A few years ago, my research group did an experiment that involved eliciting productions of phrases with specific intonational patterns. We were interested in examining the differences in realization of a pair of contours that are superficially similar, but convey different nuances of meaning. To answer our research questions, we elicited and recorded a set of phrases two different times with each subject, one for each of the contours. The recordings were then looked over carefully, and a number of preparations were made for the analyses, including cutting up and labeling the longer soundfiles into phrase-sized chunks, which were then labelled according the intonational contour elicited. Each phrase produced by a given speaker with one contour was then paired up with the same phrase produced by that speaker with the other contour. If for some reason we did not have both successful productions to pair up, such as if one was produced with another intonational contour altogether or contained a disfluency in the region of interest, we would pare out both the unsuccessful production and its would-be pair from that subject’s data. This process of pairing and paring the soundfiles henceforth became known among us as “pearing.”
One of my favorites from my year of Project 365. This was when I was playing around with long exposures and motion blurs.
Having recently shared photos of an orange flower, it brought to mind this photo I took of the very flower-like shape on the stem end of a clementine.
Also from Project 365, when I played with perspective. I would love to try this one again some time.
My snack scraps, beautifully catching the afternoon light earlier this year.
A more recent macro photo.
In addition to wandering the garden with my macro lens, I also went poking around in my mother-in-law’s fruit bowl. (Okay, one piece of fruit was too big to fit in the fruit bowl. It was on the kitchen counter.) Can you identify these 4 fruits?
Now that June is around the corner, that means that we are approaching strawberry season here in New England. The days of strawberry picking come and go quickly here, with the picking season typically lasting only a couple of weeks.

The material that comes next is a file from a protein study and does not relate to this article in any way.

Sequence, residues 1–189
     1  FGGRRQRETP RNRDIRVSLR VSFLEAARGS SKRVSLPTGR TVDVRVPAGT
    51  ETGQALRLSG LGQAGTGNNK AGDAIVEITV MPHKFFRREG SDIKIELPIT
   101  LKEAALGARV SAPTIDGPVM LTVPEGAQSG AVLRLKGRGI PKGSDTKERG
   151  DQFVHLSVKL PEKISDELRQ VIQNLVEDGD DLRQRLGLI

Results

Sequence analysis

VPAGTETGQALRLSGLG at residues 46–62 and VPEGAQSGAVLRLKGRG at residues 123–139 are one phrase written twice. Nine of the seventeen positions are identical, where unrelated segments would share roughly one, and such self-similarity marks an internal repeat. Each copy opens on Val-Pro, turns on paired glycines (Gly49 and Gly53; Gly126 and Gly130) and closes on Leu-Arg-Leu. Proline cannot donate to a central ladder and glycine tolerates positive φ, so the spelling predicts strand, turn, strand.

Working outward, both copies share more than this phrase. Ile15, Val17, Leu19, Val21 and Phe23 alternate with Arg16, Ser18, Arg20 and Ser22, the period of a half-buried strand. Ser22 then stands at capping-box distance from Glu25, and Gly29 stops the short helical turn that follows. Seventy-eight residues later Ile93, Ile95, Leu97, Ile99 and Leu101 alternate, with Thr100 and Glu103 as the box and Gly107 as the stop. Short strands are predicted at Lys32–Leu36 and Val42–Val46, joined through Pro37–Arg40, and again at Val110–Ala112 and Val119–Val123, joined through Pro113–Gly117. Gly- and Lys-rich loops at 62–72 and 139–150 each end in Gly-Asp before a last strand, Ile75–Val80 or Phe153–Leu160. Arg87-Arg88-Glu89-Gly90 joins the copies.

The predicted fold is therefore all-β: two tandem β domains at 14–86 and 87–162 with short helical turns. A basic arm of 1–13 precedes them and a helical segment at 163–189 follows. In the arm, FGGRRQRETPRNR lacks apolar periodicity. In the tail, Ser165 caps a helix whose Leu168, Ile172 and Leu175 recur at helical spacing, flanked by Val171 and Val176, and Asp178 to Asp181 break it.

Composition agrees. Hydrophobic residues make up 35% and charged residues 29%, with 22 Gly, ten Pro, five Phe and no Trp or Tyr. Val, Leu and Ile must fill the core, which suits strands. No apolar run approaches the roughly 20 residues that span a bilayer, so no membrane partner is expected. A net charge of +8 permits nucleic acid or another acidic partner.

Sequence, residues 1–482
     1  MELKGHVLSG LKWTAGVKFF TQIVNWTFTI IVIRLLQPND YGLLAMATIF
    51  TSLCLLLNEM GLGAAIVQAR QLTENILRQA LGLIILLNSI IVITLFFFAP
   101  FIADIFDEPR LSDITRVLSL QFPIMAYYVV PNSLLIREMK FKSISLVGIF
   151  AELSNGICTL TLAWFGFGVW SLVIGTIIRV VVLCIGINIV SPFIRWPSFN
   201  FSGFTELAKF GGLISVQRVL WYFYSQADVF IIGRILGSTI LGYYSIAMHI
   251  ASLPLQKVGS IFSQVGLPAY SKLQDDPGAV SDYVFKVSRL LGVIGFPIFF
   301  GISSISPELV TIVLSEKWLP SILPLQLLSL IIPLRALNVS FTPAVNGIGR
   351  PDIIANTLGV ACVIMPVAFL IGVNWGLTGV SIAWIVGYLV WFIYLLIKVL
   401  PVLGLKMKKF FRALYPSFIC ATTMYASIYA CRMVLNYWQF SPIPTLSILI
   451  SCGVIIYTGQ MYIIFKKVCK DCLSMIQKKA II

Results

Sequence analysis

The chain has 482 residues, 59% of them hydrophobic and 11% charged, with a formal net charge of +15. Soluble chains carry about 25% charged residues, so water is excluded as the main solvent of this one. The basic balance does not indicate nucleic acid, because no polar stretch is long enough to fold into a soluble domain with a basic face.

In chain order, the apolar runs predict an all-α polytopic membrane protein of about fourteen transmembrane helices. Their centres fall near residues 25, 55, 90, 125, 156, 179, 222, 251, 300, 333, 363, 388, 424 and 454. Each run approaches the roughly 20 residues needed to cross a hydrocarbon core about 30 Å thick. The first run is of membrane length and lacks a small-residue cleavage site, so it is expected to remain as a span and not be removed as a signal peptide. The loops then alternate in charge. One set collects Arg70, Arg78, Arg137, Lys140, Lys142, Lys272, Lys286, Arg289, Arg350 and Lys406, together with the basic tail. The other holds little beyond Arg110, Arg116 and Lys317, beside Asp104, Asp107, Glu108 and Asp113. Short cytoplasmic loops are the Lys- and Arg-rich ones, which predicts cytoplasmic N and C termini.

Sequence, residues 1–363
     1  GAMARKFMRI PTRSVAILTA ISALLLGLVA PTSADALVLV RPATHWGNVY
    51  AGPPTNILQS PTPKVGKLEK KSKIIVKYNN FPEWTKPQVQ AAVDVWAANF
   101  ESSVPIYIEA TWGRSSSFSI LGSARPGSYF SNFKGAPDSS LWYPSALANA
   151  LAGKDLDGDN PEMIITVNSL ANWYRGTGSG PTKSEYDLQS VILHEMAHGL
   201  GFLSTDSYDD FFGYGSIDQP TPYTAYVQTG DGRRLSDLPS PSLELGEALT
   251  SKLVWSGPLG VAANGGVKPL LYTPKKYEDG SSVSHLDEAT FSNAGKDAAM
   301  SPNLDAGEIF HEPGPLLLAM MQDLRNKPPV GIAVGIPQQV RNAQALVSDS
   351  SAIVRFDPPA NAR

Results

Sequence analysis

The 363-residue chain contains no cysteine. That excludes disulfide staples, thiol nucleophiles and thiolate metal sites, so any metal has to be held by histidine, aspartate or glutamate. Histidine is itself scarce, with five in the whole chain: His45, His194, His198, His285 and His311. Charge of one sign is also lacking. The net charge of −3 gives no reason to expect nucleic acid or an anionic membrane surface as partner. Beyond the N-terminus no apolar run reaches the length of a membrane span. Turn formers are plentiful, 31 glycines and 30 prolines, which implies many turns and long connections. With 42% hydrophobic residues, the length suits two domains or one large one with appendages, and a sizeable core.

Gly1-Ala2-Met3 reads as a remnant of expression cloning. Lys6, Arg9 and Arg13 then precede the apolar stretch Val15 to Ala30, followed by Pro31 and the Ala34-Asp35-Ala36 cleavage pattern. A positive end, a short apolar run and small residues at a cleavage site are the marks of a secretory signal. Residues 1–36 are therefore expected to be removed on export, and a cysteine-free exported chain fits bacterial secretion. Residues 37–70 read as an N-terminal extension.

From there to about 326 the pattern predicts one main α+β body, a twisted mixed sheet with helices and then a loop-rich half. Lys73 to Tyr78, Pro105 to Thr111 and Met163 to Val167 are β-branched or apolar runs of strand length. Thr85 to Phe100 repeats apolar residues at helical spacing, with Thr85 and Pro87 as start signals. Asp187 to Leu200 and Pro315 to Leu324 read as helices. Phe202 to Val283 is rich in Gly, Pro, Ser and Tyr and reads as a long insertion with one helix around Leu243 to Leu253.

The local berries don’t last as long once picked as the store-bought ones–they can spoil in only a day or two after being picked. Happily, we have no problem using them all. They always disappear far too quickly, seemingly no matter how many we pick!
This week’s friday foto finder challenge is to present something red. Red things abound in my photo library, yet I had a hard time choosing. I find I have too much to say about too many of my photos. I want to have time to tell the stories that go with the images. So I picked these red berries to share with you.
If you feel like seeing (more) red, check out the other entries on the friday foto finder blog.
In the US, we are frequently subjected to the debate over the tomato’s status: Is it a fruit or a vegetable?
The answer, of course, is “yes.”
Because the real question is whether you are asking the question from a botanical or a culinary standpoint.
Botanically, it is unquestionably a fruit:
In botany, a fruit is a part of a flowering plant that derives from specific tissues of the flower, one or more ovaries, and in some cases accessory tissues.
But so is a bell pepper. Or zucchini. Or a butternut squash. But because these things are regularly cooked or included in savory dishes, they are considered vegetables. Culinarily, at least in the US and many European countries, tomatoes are treated as vegetables. You find them cooked into sauces and stews, roasted with garlic, or you might eat them raw, chopped up with herbs and olive oil on bruschetta. They go in the salad with lettuce and onion, not the salad with strawberries and melon.
However, in other parts of the world, the tomato’s status as a fruit is more widely accepted. I remember an occasion where we had a bit of a semester-end party on the last day of a particularly intensive class. People signed up to bring things. A guy from Korea signed up to bring some fruit, and he brought a little box of grape tomatoes, and it led to an interesting discussion.
I remembered this when we were served this dessert at the conference banquet¹ in Shanghai back in May:
The fruit salad consisted of chunks of melon, and grape tomatoes. Aside from my interest in the appearance of tomatoes in a fruit salad, it was a thoroughly disappointing dessert. Which, I suppose, was fitting.³
So, do you want to weigh in the debate?⁴
¹ Sadly, as is often the case with large-scale meals, the quality of the food was pretty mediocre. Pretty much everything I tried was bland.²
² Of course, my options were somewhat limited by my largely vegetarian diet constraints. So I didn’t partake, for example, of this soup. I did, however, appreciate that I was able to easily identify this as chicken soup. Other items that were served to us without explanation were more mysterious.
³ Did I mention the food was mediocre? The food was mediocre.
⁴ And if so, do you want to weigh in using pounds or kilograms?